Although the face is not necessarily considered to be as gendered as the chest or genitals, it may have far more of an impact on a person's ability to feel comfortable moving through the world. After all, a person's face is often the first and sometimes the only part of the body that other people see. Even infants as young as one year are often capable of distinguishing a person's sex by looking at a picture of their face.

Which Parts of the Face Are Altered?

Facial feminization surgery actually refers to multiple plastic surgery and craniofacial procedures. These procedures can be staged over time. They can also be performed all at the same time. The choice depends on the expertise and preferences of the surgeon as well as the needs of the patient.

Facial feminization is not simply soft-tissue surgery. It also alters the bones of the face. Bone may be added or removed to different areas in order to fundamentally reshape the skull. This reshaping is done to make the measurements of the skull follow the proportions that are associated with estrogen (feminine proportions) rather than testosterone (masculine proportions).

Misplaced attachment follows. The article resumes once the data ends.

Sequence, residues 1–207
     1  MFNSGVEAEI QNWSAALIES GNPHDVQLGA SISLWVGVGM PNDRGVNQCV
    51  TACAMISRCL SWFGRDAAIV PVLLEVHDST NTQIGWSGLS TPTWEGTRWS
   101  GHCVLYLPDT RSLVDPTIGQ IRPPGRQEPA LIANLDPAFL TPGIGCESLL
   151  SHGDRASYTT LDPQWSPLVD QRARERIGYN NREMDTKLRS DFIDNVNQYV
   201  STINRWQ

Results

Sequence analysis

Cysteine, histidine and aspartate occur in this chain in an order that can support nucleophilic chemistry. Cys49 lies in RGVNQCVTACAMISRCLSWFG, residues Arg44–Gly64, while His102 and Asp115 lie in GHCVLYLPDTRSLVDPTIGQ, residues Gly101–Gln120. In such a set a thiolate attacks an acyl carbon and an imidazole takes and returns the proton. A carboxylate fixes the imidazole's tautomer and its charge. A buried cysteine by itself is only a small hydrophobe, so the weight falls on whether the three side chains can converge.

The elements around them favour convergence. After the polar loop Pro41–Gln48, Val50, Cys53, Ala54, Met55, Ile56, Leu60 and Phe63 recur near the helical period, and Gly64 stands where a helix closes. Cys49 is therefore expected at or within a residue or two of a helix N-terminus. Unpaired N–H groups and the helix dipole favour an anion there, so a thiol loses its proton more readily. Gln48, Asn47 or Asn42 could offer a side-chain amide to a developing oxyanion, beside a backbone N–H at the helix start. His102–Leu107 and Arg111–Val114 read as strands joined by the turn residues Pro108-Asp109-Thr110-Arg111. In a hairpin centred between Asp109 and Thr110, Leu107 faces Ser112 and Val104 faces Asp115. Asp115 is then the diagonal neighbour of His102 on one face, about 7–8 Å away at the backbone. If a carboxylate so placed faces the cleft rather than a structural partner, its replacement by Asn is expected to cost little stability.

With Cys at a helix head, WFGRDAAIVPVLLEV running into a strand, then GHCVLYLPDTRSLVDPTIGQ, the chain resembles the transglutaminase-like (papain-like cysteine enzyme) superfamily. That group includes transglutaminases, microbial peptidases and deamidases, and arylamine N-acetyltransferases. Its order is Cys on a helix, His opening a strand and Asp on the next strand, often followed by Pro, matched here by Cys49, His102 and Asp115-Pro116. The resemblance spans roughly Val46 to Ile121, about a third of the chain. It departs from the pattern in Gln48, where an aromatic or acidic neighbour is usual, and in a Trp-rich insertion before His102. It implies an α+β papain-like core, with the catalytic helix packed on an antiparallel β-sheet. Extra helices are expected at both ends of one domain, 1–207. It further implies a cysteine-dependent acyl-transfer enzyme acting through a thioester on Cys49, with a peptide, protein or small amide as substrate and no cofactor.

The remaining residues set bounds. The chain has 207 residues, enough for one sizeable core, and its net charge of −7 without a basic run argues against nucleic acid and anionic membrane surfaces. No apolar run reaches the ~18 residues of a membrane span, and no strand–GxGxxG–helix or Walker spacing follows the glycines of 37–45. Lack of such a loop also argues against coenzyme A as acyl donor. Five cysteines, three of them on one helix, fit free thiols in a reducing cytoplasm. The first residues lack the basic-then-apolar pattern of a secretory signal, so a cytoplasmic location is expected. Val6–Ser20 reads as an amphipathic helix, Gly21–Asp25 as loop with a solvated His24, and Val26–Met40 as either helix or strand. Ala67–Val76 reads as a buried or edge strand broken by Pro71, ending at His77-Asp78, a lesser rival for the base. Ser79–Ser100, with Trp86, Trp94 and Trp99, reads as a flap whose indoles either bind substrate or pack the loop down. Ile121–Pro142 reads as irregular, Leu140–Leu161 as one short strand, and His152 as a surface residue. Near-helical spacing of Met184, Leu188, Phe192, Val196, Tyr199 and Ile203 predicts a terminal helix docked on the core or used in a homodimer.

Areas of the face that may be altered in facial feminization surgery include the:

  • Forehead and eyes: Reshaping the forehead and eye sockets can be one of the most significant components of facial feminization surgery. This may involve moving the forehead back. The place where the nose meets the forehead may also be made smaller. Prominent eyebrow ridges may be shaved down.
  • Nose: The bridge of the nose may be made smaller, and also the tip. The nose may be more generally reshaped.
  • Mandibles/jaw: The squareness/flaring at the back of the jaw may be reduced. The bone beneath the bottom teeth may be shaved down. The height of the chin may be lowered.
  • Soft tissue: The top lip may be raised/shortened. Cheek implants may be added. There may be a brow lift.
  • Hairline: Hair transplantation can be used to reshape the hairline to provide a more feminine appearance. This usually involves moving the hairline forward and making it rounder.